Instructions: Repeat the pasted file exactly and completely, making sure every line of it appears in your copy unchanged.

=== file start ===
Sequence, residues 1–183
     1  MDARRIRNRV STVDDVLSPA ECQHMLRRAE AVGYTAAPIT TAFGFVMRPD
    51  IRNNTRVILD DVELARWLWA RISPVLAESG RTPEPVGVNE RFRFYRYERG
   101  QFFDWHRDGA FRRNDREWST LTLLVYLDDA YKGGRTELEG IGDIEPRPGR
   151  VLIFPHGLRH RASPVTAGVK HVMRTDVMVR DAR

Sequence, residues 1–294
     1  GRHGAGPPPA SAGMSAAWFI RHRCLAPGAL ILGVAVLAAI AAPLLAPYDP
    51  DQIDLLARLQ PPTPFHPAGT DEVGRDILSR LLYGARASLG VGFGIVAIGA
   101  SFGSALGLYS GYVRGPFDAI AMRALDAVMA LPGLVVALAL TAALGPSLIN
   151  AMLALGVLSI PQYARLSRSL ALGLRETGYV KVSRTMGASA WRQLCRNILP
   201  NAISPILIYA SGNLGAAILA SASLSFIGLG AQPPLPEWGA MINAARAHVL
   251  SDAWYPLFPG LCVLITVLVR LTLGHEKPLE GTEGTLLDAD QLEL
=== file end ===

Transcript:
Sequence, residues 1–183
     1  MDARRIRNRV STVDDVLSPA ECQHMLRRAE AVGYTAAPIT TAFGFVMRPD
    51  IRNNTRVILD DVELARWLWA RISPVLAESG RTPEPVGVNE RFRFYRYERG
   101  QFFDWHRDGA FRRNDREWST LTLLVYLDDA YKGGRTELEG IGDIEPRPGR
   151  VLIFPHGLRH RASPVTAGVK HVMRTDVMVR DAR

Sequence, residues 1–294
     1  GRHGAGPPPA SAGMSAAWFI RHRCLAPGAL ILGVAVLAAI AAPLLAPYDP
    51  DQIDLLARLQ PPTPFHPAGT DEVGRDILSR LLYGARASLG VGFGIVAIGA
   101  SFGSALGLYS GYVRGPFDAI AMRALDAVMA LPGLVVALAL TAALGPSLIN
   151  AMLALGVLSI PQYARLSRSL ALGLRETGYV KVSRTMGASA WRQLCRNILP
   201  NAISPILIYA SGNLGAAILA SASLSFIGLG AQPPLPEWGA MINAARAHVL
   251  SDAWYPLFPG LCVLITVLVR LTLGHEKPLE GTEGTLLDAD QLEL